DUP row deepends as Robinson stands by comments

As I reported last week, a ferocious row has erupted inside the Democratic Unionist Party after Peter Robinson, the former leader and First Minister, called on unionists to prepare for the possibility of a referendum on leaving the UK.

But despite strong criticism from members of his own party Robinson, who left front-line politics when he lost Belfast East to the Alliance Party, has stood by his remarks and insisted that the “battle for the Union” has started, whether unionists are ready to admit it or not.

More interestingly, the News Letter reports that Arlene Foster, his successor as party leader and First Minister, saw Robinson’s controversial remarks before they were published – and that she doesn’t consider them to be an attack on her leadership.

Whilst Robinson may be right that unionism needs to start making preparations to fight a border poll, it is a pity that under his leadership his Party did so little to strengthen Northern Ireland’s place in the UK either by winning over Catholics or by better integrating Ulster politics with the mainland. Those tasks now fall to Foster.

Welsh Labour MP facing calls to stand down from Shadow Cabinet

Carolyn Harris, the deputy leader of Welsh Labour, is facing calls to resign her shadow equalities post over her alleged use of the word ‘dyke’, according to Wales Online.

Despite complaints from numerous Assembly Members, Jeremy Corbyn and the national leadership, as well as several MPs are standing by the Swansea East MP. Harris has apparently apologised for ‘clumsy language’ after a former aide claimed in court that she is a ‘homophobic bully’.

However, a member of the executive of her Constituency Labour Party reportedly posted on Facebook that “other MPs have been suspended for less”.

Meanwhile Carwyn Jones, the First Minister, has been urged to investigate allegations that a Labour AM broke the ministerial code.

The charge is that Julie James, the Leader of the House, should have recused herself from deciding on the level of state funding assigned to women-in-work organisation Chwarae Teg – which totalled £351,000 last year – because it was a client of a lobbying firm which employed her son.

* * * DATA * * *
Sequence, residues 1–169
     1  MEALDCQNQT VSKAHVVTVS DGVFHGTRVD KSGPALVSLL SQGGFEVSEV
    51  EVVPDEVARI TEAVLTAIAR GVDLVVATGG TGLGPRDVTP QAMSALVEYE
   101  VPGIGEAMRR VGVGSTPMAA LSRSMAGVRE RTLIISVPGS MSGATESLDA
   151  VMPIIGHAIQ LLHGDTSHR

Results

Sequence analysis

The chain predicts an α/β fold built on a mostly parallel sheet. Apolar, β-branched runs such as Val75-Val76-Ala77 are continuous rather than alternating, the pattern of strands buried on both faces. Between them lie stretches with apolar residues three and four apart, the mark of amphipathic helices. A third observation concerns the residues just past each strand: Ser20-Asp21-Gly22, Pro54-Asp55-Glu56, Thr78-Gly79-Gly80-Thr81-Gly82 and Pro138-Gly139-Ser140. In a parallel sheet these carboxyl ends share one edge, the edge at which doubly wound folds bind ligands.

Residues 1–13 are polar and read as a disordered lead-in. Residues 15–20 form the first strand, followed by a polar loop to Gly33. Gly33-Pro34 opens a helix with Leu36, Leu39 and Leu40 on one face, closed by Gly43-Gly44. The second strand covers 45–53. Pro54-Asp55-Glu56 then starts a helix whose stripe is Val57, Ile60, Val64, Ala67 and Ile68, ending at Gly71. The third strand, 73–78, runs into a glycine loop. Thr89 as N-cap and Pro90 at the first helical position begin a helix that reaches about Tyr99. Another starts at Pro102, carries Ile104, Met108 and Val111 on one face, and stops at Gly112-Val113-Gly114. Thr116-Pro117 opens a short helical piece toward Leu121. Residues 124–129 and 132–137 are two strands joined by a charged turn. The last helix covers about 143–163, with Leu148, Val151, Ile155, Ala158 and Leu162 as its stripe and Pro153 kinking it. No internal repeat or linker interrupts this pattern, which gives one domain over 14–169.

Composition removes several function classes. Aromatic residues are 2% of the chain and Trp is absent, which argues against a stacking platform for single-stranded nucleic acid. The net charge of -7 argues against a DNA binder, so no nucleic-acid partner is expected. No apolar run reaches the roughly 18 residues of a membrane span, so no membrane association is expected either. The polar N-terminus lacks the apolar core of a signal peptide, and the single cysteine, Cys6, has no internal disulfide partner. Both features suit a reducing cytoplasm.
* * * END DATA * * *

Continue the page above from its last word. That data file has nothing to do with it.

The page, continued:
Electoral Commission drops investigation into DUP

The Democratic Unionists will not face an investigation over claims that they coordinated spending with other Leave campaigners during the EU referendum, the Guardian reports.

Critics have complained that the party received a major donation from anonymous donors via the Constitutional Research Council, a pro-Union group.

Less creditably, some have also tried to present as suspicious the fact that the DUP spent much of their referendum spending allowance on the mainland – such as a £280,000 in the Metro – despite only standing in Northern Ireland. Of course, in a UK-wide referendum without constituencies there is no reason for them not to do this.

Now the Belfast Telegraph reports that the DUP are claiming that the BBC, whose investigation on the Spotlight programme prompted the Commission’s probe, have ‘questions to answer’ over their coverage and alleged bias.

Earlier this week the Herald revealed that David Mundell, the Scottish Secretary, had also benefited from so-called ‘dark money’ donated by the Scottish Unionist Association Trust, a ‘secretive’ outfit whose status as a donor is currently under investigation by the Commission.

SNP under fire over educational under-performance

The Scottish Nationalists have come under fresh criticism after the latest data showed a continued fall in exam pass rates, according to the Daily Telegraph.

Measured from the introduction of the Nationalists’ new exam system five years ago there have been some astonishing falls in pass rates – up to three quarters, in the case of ‘National 3 exams’, intended for the least-able pupils – and experts suggest that only around half the fall can be explained by external factors such as declining rolls.

One also warned that the collapse in results in the National exams could now be feeding through into the results for Highers too.

Long-time readers of this column will find devolved authorities failure on education a depressingly familiar theme: I was writing about the legendary post-devolution collapse in Welsh standards back in 2013, and whilst not quite as precipitous the SNP’s own record on the subject has long belied any claim that its priority is anything but independence.

Paisley’s opponents complain of difficulties in removing him

According to the Times, politicians attempting to oust Ian Paisley Jr from his North Antrim fastness have complained that the authorities are making their task too difficult.

Both Sinn Fein and the Ulster Unionists have reportedly complained that there are too few places where people can fill out the paper saying they want to oust him. The recall petition is in six locations across the large, mostly rural seat.